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What is Git?
Git is a modern version control system. It is an open source project, created in 2005 by Linus Torvalds.  Git is now slowly beginning to become the standard for version control. Your local copy of code is a complete version control repository, also known as a distributed control system. This makes work available to be completed offline and remotely. Git work where the user commits work locally and syncs a copy of the repository with the online server’s copy. 

Who is it for?
Git is for everyone, but it  mostly used by software developers. Often used in preference by larger teams for collaborative projects.

Why do people use Git over competing version control systems?
In centralized version control systems the clients must synchronize code with the server before making a new version of the code, where Git does not require this. Git is often chosen for it’s flexibility. Git also allows everyone to have their own copy of the code, and can work simultaneously on their own versions and branches. Git is also preferable because it works offline. Faster releases are allowed through the use of branches and simultaneous development, Git’s use of separate branches allows for better code management. Git is also integrated with most tools and products. This allows for continuous integration, continuous deployment, automated testing, work item tracking, metrics and reporting. This allows for a simple flow of tasks and work. Another reason that Git is so often chosen is because of the strong community that has formed around the system. This allows an individual to get all the help they need. Git’s overall teamwork capabilities is perhaps the most notable reason for people choosing Git over other VCS. Pull requests are also a major selling feature of Git, as this allows for discussion within the team leading to code quality and increase of knowledgeability across the team. Git also allows for branch policies to assure that each of the branches are up to standard. Other VCS do not have these same features and capabilities as Git. An example of this is the fact that the VCS called subversion does not allow for the entire history of the respiratory, or the ability for each client to work as a server.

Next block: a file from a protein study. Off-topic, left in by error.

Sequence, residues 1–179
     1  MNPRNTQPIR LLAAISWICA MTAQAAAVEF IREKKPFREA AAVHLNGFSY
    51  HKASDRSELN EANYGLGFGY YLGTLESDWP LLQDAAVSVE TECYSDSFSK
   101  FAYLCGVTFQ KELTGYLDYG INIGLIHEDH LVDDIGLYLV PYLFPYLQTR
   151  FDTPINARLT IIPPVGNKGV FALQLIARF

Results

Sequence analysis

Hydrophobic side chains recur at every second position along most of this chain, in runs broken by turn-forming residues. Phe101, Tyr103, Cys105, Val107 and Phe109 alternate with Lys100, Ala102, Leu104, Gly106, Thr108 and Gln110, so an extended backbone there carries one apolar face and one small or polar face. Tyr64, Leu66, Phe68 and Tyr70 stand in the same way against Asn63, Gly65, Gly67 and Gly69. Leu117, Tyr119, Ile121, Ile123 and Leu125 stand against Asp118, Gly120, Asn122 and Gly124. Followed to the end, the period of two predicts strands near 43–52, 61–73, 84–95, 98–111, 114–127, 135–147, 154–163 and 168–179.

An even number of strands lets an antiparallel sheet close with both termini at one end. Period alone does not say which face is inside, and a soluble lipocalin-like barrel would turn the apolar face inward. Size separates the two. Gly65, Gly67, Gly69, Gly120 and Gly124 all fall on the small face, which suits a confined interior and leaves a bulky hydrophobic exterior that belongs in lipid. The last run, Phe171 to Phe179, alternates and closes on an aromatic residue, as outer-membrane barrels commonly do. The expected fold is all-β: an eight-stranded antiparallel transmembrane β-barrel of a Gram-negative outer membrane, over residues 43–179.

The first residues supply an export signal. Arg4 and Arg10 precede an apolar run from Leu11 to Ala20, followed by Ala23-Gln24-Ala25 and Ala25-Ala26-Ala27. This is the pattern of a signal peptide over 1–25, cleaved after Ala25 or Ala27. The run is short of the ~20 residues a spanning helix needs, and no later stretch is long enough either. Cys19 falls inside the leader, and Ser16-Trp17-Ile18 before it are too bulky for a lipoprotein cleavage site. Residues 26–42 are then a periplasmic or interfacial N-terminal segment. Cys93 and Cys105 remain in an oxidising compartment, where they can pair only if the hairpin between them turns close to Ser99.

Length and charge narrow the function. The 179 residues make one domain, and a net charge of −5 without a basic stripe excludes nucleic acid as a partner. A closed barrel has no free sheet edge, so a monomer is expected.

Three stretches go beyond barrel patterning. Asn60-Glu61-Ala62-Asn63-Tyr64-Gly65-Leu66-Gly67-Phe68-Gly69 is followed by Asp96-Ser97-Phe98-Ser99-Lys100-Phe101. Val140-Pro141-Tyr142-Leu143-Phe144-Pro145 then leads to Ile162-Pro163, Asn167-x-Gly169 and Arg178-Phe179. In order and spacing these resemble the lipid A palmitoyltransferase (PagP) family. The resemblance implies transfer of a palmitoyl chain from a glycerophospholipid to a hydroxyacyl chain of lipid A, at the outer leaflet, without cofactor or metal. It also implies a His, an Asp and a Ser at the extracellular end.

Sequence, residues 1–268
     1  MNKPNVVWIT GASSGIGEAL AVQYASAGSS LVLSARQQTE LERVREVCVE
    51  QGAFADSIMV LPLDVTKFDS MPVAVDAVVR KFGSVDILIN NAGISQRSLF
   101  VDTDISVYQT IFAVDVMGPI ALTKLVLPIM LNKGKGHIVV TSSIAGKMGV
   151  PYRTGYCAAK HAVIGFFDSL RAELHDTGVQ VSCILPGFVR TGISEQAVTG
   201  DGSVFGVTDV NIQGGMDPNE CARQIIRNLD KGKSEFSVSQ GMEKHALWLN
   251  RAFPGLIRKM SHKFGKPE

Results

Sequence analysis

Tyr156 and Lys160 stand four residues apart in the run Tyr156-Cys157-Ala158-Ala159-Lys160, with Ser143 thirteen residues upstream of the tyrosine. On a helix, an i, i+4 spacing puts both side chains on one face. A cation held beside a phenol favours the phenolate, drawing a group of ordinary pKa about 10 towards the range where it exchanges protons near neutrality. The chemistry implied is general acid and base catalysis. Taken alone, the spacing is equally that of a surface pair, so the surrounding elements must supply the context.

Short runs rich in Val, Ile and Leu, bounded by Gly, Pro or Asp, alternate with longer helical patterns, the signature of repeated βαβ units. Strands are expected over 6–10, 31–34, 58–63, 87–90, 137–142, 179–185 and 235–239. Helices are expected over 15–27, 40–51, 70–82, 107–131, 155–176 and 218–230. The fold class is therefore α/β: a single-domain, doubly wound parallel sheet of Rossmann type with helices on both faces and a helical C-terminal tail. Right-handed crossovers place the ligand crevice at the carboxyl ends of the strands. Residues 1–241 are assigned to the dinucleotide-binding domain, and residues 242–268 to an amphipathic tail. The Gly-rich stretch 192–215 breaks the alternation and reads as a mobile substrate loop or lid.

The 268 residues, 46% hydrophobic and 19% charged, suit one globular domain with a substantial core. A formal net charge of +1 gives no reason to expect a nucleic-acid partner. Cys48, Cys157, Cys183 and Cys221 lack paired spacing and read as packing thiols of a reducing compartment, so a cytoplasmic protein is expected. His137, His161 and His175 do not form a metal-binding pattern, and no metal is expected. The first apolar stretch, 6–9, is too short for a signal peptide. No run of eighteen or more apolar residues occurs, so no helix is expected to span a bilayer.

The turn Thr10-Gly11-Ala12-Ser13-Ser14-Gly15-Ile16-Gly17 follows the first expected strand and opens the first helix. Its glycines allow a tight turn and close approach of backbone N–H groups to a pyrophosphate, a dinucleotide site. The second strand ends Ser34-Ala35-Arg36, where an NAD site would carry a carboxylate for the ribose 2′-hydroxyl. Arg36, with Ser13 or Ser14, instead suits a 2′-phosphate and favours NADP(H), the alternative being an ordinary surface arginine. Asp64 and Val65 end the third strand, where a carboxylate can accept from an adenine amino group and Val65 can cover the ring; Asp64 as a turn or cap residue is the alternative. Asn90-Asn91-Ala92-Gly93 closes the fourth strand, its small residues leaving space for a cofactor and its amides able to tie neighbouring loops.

What are some of the challenges to leaning Git?
The biggest challenge learning Git would be navigating the Git software interfaces, and understanding how to get started. Unfortunately the interfaces of these softwares lack any sort of explanation of what each step should be, even for beginners. Once the software is explained from an outside source, using Git is not overly difficult. It is mainly the lack of direction and confusing interfaces that are the main threats to beginner learning.